Knowing Is Not Half The Battle: The G.I. Joe Fallacy

Ever find yourself with stacks on stacks of dream journals/goal setting apps/vision boards?

How about half finished notebooks? Like stacks of them? I heard author Jon Acuff say this a few times. He has half filled notebooks of ideas instead of finishing one notebook.

This wouldn’t be a problem if, say, he referred to them or they meshed together somehow. I know minimalists will flip out regardless of the number of stacked notebooks he likely has which are half filled, taking up half of storage with blank pages. All those non-linear starts and stops. I am sure someone reading this is already anxious.

What I personally find curious about all the stacks of vision boards and goal setting curriculum I do indeed have taking up physical and mental space is how accomplished I feel once it’s done. ‘Being done’ however meaning, the vision planning and goal setting itself. The literal act of the planning feels like doing something.

It’s like I now know something about myself I didn’t know before or didn’t have clarity with prior to the work I accomplished. The physical work again being outlining life plans and goals and what not.

But the execution of them?

Well for one, pacification occurs after goal setting. As Ryan Holiday explains briefly in his book Ego Is The Enemy, “research shows that while goal visualization is important, after a certain point our mind begins to confuse it with actual progress” (p. 27). He adds how talking basically drains the same resources as doing, which really throws a wrench in things when you’ve come across a breakthrough of what to do moving forward and you want to now talk about it instead of doing it.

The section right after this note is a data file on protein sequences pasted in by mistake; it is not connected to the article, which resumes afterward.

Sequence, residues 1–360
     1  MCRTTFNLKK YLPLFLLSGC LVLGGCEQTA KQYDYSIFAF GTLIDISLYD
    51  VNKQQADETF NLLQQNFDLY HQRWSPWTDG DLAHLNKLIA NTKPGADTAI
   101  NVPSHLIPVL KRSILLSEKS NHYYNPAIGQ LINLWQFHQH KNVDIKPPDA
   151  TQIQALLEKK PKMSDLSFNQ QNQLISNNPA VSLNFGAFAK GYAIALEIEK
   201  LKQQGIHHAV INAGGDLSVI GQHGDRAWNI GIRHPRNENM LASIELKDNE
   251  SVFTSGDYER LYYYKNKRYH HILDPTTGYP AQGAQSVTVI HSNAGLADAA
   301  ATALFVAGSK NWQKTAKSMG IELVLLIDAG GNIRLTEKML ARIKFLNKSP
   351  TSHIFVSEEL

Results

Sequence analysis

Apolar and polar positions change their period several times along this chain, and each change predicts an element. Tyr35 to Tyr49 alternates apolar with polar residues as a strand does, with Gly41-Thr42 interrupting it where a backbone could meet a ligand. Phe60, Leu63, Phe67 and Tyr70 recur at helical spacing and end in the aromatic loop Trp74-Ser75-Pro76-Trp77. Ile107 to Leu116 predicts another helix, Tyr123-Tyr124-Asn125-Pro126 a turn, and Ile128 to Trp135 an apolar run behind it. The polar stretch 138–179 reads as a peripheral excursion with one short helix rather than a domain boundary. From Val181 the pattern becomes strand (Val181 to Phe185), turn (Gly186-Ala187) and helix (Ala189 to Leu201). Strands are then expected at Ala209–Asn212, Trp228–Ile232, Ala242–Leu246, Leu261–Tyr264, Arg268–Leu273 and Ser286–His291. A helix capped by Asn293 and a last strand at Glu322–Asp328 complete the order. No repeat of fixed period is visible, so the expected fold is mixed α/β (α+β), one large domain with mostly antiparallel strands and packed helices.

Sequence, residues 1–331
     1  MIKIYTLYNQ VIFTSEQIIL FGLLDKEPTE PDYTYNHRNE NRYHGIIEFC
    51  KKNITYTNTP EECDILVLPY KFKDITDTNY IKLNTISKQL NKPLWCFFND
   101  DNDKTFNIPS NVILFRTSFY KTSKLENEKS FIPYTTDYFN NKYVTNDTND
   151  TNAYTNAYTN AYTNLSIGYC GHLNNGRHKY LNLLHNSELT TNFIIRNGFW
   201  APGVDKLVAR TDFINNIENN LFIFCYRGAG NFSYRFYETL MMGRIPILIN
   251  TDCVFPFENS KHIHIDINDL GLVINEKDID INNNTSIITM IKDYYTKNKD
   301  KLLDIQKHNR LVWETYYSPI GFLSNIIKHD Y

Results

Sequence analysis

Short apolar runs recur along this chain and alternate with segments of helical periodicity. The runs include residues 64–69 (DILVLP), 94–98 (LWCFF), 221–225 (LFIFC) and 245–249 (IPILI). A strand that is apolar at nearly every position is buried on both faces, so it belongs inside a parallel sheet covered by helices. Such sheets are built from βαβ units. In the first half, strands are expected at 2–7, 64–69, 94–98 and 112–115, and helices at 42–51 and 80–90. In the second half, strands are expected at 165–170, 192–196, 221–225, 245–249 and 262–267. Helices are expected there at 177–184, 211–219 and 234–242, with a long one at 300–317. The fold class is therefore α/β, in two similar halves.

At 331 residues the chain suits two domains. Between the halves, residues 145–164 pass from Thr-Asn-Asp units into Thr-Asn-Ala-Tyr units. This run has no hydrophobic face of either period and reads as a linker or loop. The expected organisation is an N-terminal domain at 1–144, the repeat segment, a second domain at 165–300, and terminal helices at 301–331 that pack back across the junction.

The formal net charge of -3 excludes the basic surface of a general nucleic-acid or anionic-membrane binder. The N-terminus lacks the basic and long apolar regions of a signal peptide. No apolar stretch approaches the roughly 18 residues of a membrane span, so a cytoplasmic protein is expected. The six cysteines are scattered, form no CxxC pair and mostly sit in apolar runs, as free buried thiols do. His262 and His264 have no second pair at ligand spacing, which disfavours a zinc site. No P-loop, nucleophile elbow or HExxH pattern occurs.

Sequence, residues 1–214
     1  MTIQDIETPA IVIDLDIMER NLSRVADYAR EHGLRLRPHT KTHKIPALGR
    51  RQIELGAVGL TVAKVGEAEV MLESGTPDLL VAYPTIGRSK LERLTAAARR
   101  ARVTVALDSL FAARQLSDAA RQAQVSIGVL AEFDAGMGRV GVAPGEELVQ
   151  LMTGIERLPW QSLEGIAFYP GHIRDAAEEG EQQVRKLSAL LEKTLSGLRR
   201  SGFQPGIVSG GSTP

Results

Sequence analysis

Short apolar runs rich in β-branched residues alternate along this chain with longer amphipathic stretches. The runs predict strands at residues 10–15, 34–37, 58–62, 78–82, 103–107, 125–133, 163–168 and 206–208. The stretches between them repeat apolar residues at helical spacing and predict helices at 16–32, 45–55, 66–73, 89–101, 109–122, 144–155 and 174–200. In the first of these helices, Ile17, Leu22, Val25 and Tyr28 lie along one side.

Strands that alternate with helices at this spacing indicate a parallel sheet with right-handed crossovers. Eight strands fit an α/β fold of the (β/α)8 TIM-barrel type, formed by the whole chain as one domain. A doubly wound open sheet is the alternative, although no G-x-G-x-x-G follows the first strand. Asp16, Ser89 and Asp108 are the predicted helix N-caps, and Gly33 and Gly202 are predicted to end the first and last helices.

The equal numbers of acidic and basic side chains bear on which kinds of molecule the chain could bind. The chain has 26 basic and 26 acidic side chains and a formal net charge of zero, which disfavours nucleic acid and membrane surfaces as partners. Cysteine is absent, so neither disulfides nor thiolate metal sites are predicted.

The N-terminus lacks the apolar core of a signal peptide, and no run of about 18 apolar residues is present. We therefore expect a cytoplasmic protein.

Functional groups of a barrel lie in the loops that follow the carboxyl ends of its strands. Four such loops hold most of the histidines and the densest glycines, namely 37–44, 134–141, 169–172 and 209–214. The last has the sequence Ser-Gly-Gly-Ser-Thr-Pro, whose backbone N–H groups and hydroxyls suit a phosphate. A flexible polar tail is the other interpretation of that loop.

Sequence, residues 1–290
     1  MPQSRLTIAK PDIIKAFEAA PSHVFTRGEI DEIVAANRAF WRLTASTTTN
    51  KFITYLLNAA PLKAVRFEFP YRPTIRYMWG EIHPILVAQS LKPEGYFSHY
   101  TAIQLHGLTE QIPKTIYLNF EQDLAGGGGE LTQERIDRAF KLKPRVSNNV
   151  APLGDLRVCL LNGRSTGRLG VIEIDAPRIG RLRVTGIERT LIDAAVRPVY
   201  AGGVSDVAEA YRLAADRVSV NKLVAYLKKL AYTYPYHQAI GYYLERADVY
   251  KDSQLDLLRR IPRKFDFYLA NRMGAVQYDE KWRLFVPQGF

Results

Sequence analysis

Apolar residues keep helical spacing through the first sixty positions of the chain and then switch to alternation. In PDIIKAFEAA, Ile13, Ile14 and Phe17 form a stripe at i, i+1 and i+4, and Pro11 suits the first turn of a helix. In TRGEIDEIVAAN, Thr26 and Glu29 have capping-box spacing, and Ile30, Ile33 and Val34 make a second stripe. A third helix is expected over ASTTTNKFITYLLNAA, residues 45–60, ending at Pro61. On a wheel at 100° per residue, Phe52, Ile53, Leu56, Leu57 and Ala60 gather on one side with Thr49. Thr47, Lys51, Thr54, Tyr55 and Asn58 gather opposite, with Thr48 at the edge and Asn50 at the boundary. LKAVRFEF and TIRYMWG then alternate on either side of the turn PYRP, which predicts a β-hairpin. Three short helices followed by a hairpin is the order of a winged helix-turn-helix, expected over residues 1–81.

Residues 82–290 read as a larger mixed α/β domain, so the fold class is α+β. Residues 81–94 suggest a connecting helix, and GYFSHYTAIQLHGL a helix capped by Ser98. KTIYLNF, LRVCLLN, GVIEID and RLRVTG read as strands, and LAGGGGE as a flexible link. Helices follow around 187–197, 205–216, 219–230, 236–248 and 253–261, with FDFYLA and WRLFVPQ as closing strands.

We can know what our goals are and never execute on them.

Which leads to the G.I. Joe fallacy. Author John Mark Comer introduced this to me in his book Live No Lies.

Professor of psychology and cognitive science Laurie Santos at Yale coined this term. And yes it came straight from G.I. Joe the animated series of the 1980’s. The shows would end with a lesson about safety for kids, and a character would echo the kids once they said “now we know” by stating “And knowing is half the battle.”

Professor Santos would disagree based on her research.

Knowing is not 50% of any battle. It’s closer to 10% or 20%, but it’s not half of our battle or actions or time we need to spend.

The point here is rather clear.

If I say I am a writer but don’t write, then I am not a writer.

If I say I have studied exercise but don’t exercise, then I am not a trainor (nor am I in shape).

And it’s the goal pacification which is the scariest thing to me. I can know something and have a clear vision but if I am not putting something on the plot every single day as author Donald Miller phrases it towards those goals, then I’m not doing anything about what I know.

In a philosophical sense it’s rather insidious. John Mark Comer in his reference to the G.I. Joe fallacy is emphasizing how our current culture is wrapped up in knowing things but acting less and less on them. It’s a rather bold statement but he relies on observing the results of Postmodern philosophy’s foothold in our culture over the past few decades. After discarding much of certainty or truth we increasingly find ourselves drowning in a culture of overthinking, not taking action, hesitation, double and triple takes, etc.

We find ourselves waxing poetic, or being cringe, on Twitter by spouting off thoughts instead of taking concrete action in the real world.

We don’t hypothesis test in the lab of reality as much as we increasingly speak, talk, text, tweet about our vast storehouse of knowledge we assume we have in our heads now (or pocket computers).

The reason for this sort of reaction? Once we find ourselves questioning and wanting to know something more than doing something we lose out on one of if not the main reason we are here: To act. To participate. To engage.

I know I can overthink with the best of them. And I know I can lay out plans and goals to better organize my life.

What you and I need though is to participate. To let talking be for later, after we’ve put something on the plot.

Published by David Mieksztyn

I am a writer passing along what I've learned.

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